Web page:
Georgia's Wintering Hummingbirds
Georgia's Wintering Hummingbirds
Georgia's wintering hummingbirds still need nourishment during the cooler months. . . Read on to find out more!
Georgians should keep their hummingbird feeders up during the fall and winter because during these seasons some fast, fly-by friends will be buzzing by ice-covered windows throughout the state! Nine species of hummingbirds can be seen in the state -- ruby-throated, black-chinned, Anna's, broad-tailed, broad-billed, rufous, calliope, Allen's and magnificent. The ruby-throated is the only hummingbird that nests in Georgia with very few birds seen over wintering here. Most of the hummingbirds seen in Georgia during the winter months are western visitors. Wintering hummingbirds begin arriving as early as August; however, they appear at feeders anytime throughout fall and winter. In winter, the hummingbird with the longest migration route and North America's smallest hummingbird are among the hummingbirds that migrate here.
The Georgia Department of Natural Resources' Wildlife Resources Division is encouraging people across the state to keep up at least one feeder during the winter months so the DNR can document western hummingbirds that find their way to Georgia. If a wintering hummingbird visits a feeder this year, it may return next year.
Traditionally, Georgians have taken their feeders down in the fall in fear that feeders would keep hummingbirds from migrating. But, hummingbirds migrate in response to day length, not food supply, so leaving a feeder up will not hinder the hummers migrating. Some lucky Georgia homeowners have been known to host six or more wintering hummingbirds!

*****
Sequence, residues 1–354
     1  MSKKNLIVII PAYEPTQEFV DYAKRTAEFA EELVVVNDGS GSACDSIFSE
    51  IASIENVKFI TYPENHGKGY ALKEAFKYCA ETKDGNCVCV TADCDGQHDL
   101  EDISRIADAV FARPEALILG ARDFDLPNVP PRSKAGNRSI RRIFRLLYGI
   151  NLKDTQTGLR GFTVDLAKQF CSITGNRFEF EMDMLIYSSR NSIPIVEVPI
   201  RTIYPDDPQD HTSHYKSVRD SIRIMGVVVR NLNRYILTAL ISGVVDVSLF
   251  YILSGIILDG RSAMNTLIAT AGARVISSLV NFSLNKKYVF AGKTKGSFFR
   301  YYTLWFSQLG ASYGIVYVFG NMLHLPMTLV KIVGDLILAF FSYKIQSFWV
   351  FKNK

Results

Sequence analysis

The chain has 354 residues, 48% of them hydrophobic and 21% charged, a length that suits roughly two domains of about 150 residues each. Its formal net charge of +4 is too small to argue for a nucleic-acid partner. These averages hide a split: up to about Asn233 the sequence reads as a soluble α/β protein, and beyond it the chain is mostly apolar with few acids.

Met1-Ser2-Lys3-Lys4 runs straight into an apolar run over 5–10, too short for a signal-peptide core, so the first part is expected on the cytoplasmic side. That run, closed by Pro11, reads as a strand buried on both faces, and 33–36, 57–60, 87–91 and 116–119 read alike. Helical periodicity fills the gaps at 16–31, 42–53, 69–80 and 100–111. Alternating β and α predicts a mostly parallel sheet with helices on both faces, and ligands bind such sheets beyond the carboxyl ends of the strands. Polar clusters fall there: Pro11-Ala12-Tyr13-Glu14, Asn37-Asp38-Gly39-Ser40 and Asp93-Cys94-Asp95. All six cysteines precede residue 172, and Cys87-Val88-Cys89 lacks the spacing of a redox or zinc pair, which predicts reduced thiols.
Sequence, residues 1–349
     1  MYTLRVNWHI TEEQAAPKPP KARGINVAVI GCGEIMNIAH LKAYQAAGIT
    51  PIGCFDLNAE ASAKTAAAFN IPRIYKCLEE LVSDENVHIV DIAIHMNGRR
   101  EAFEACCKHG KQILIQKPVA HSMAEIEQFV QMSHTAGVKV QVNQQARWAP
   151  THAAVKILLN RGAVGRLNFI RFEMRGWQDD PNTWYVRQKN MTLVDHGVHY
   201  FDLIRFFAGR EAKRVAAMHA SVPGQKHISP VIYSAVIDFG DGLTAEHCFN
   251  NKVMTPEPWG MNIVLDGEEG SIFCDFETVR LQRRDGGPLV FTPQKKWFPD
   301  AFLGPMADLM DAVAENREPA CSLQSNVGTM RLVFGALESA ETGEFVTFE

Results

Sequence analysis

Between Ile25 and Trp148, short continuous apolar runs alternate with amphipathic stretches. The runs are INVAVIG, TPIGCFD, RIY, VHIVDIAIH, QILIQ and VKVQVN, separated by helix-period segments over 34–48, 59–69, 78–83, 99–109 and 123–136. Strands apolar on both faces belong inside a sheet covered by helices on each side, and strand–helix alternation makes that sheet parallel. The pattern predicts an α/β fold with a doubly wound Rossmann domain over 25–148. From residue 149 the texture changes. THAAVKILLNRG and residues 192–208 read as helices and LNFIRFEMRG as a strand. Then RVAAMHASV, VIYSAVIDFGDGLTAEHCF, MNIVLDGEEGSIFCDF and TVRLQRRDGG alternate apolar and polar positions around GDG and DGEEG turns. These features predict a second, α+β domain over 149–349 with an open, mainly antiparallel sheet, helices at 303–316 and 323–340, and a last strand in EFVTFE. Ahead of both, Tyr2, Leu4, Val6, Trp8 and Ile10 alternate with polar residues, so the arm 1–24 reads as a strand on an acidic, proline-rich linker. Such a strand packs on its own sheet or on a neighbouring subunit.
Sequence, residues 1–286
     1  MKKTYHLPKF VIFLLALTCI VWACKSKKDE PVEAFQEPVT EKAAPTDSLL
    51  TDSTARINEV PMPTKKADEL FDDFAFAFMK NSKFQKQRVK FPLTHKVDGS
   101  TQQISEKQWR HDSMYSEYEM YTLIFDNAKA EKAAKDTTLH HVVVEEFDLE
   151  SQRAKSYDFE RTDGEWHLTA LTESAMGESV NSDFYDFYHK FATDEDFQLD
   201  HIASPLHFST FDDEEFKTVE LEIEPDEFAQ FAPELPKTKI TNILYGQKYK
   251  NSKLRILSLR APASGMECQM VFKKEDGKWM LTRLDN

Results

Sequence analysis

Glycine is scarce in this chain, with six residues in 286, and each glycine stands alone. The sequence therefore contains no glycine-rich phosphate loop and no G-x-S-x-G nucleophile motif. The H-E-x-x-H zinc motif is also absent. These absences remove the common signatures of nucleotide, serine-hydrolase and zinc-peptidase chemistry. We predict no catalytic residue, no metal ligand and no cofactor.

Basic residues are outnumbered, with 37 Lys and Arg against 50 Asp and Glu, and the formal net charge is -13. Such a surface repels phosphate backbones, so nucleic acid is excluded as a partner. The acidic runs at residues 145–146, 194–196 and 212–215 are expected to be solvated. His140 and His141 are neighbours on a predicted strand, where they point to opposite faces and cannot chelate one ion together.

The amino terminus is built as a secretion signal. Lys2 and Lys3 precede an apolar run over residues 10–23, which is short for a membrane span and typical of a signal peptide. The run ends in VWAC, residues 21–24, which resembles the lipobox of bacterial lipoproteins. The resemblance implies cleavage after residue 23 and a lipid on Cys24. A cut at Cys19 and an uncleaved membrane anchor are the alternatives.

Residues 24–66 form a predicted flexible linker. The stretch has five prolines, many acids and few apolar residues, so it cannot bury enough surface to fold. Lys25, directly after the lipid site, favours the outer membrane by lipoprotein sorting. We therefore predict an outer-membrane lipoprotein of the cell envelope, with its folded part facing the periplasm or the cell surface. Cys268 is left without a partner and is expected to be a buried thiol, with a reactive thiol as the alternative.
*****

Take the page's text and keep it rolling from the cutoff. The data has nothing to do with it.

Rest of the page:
The rufous hummingbird is the most commonly seen wintering hummer in the southeastern U.S. During one winter, more than 100 rufous hummers were documented in Georgia. The rufous hummingbird has the longest migration of any North American hummingbird, traveling from its breeding ranges that extend from the Pacific Northwest as far north as southern Alaska to its primary wintering grounds in south-central Mexico. However, wintering rufous hummingbirds are spotted throughout Georgia and the rest of the Southeast.
The colorful calliope hummingbird is the smallest bird found in the United States and is one of Georgia's winter residents. The calliope had first seen in the Peach State during the winter of 1998-99.
Many of the wintering hummingbirds are extremely difficult to identify, so don't assume that the wintering hummer at your feeder is a rufous. It may take an expert to positively identify them. If a hummingbird shows up at your feeder from October until the end of February, be sure to contact the Nongame Conservation Section office in Forsyth at the address below. Your information can help WRD document the incidence of wintering hummers and help determine their habitat needs.
Georgians who spot any of the unusual hummingbirds species that migrate through Georgia in winter months are encouraged to report their sightings to the Nongame Conservation Section. Who knows, you may be the first person to report a buff-bellied or other rare hummingbird in Georgia!
To report wintering hummingbird sightings in Georgia, please contact the Nongame Conservation Section office in Forsyth at (478) 994-1438 or write to: Wintering Hummingbirds, Georgia Department of Natural Resources, Wildlife Resources Division, Nongame Conservation Section, 116 Rum Creek Drive, Forsyth, GA 31029.
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